Fall is always a season of transition as an academic institution, but this fall holds a particular gravitas for The Seattle School community. Together we are holding the tension of endings and new beginnings: We are celebrating the story, labor, and vision that has carried us to our 20th birthday.
Amidst this season of celebration and transition, we look ahead with great expectation as we continue to live out our mission of training people to be competent in the study of text, soul, and culture in order to serve God and neighbor through transforming relationships.
Voices from the Community
The Seattle School community recently gathered for the decommissioning and sending of Dr. Keith Anderson. During his time as president, Keith fathered us well as we matured in years of adolescence, helping us find our footing along the way. He shared the following about this season for the school:
Twenty years is considered a milestone in organizational life. It means you have achieved some level of maturity, organizational acumen, and financial agility. A little more than twenty years ago a bold group who called themselves “the guild” left Colorado with a dream for rigorous and creative theological education. The Seattle School of Theology & Psychology is the twenty year version of their dream. But this organization is more like a person on their way to young adulthood as often marked at one’s 21st birthday. We like that image because it continues to anticipate the future with a clear mission, bold strategies, and a new band of intrepid dreamers who today make up “the new guild.”
Rachael Clinton (MDiv ’10), Assistant Director of Program Development & Admissions at The Allender Center, shared the following thoughts with faculty and staff who gathered together at the beginning of school year:
The dream of The Seattle School of Theology & Psychology began around a kitchen table, but throughout these past twenty years that dream has been held by a large and ever shifting collective of board members, leaders, faculty, staff, students, alumni, spouses, and families. In our mundane and extraordinary work we are all part of a larger whole, a holy mission, a labor of love. And it is our unapologetic declaration that in the midst of these mundane and extraordinary liturgies and rhythms, especially in seasons of transition, we are held together by a God who loves. As we face a significant transition in the year ahead, we will take time to honor the past, to celebrate the present, and to anticipate the future with faith, hope, and love.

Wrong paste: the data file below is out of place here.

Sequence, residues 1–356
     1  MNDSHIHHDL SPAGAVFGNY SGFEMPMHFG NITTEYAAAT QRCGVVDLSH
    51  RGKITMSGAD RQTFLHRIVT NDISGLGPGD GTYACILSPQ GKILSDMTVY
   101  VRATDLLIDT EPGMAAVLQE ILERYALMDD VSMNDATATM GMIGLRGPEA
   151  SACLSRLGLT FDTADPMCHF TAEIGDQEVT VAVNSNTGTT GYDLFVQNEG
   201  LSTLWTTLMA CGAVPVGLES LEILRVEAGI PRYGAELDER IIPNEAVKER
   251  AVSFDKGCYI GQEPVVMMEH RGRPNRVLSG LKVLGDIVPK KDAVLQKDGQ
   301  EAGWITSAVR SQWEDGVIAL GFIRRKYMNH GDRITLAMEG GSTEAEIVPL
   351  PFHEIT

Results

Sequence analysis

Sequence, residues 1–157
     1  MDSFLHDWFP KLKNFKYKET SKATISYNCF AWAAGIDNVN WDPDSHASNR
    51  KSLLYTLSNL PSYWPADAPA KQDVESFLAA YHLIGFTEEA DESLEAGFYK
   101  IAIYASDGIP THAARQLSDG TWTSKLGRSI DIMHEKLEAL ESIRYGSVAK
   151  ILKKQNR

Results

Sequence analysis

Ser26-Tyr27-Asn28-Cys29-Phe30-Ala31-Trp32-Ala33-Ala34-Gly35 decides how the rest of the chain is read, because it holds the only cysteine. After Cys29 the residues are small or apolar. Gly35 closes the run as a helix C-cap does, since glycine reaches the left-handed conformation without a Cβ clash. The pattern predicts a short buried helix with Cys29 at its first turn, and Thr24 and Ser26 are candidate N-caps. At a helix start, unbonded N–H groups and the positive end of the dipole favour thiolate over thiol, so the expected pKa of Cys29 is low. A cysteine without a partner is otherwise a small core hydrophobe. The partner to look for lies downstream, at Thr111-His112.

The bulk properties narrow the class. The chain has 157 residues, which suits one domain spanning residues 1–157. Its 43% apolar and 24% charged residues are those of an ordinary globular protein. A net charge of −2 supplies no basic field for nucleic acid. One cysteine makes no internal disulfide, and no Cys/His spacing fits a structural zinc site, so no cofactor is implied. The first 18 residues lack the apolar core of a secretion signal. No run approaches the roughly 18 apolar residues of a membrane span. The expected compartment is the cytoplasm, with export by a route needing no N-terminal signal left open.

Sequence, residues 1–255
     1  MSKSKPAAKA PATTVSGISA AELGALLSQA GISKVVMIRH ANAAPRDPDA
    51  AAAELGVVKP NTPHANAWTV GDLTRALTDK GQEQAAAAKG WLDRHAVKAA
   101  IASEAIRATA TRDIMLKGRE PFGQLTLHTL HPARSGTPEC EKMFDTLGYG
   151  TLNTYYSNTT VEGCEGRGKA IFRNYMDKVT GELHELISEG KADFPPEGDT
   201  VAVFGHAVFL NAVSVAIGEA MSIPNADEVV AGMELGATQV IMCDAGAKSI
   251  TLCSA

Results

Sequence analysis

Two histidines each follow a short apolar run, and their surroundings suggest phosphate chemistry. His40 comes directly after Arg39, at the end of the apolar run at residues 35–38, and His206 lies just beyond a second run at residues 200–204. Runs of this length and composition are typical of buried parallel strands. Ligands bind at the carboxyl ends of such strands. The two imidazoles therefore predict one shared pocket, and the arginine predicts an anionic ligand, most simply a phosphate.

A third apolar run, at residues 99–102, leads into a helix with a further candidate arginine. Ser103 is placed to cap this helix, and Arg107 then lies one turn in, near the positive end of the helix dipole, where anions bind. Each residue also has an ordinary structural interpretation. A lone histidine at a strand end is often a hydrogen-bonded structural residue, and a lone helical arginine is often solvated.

Dr. J. Derek McNeil, Senior Vice President for Academic Affairs and Academic Dean, will serve as Interim President as we anticipate the full the full welcoming of a new president in January. He noted the following about our 20th year and transitions:
I feel energized in this liminal space between what was and what will be. The “coming of age” analogy has made the most sense to me when it comes to this transition. Adolescents begin foreclosing on options and asking, What is my service to the world? As a school, we are asking this same question. What is our call to service? In the context of the larger social disruption in our nation, we need to be fully aware of what we have learned in our own disruption.
The birth of The Seattle School was a response to rigid postures and ways of seeing. Integration has been a focus for jarring that rigidity. We have taught for disruption, breaking up the hard earth. Now as a society in fragmentation, what is proving to be critical is formation and holding, not just transformation. Our formation is continual and can serve a fragmented society. We hold not tightly but with open hands the woundedness of our shared narrative.
The questions must be asked: How can we be salt? How can we still believe the purpose and mission of Jesus Christ without simply trying to squish things back together? How can we be unified in complexity? Specifically, can we really be a multiethnic nation? Can we as students, faculty, and staff cross boundaries for the sake of connecting? We start here, in the microcosm of this school.
A Few Fun Facts
- 4 names
- 3 locations
- 20 cohorts of students
- 19 graduating classes
- 1,160 alumni
- 877.5 pounds of Red Hot Tamales consumed
- 405 pounds of coffee brewed
When The Seattle School of Theology & Psychology started just about twenty years ago in the living rooms, kitchens, classrooms, and offices of people whose vision was pointed to the future. Did they imagine the legacy of more than 1,160 alumni? Of pastors, therapists, artists and leaders whose lives have been formed by classes, curriculum, mentoring, and the drama of learning? Did they believe their decisions made in 1997 would start a graduate school, a center for trauma and abuse, and, truthfully, a movement?
Our 2016-17 annual report is a reminder of God’s presence in our story and the impact of The Seattle School of Theology & Psychology, The Allender Center, The Other Journal, and the Forum. This is our report on all those ordinary, repetitious, faithful, wise, flawed, surprising, failed, and impact things we’ve been doing for the past year.
We hope you’ll read, feel inspired, and join this movement of transforming relationships as we persist into the future.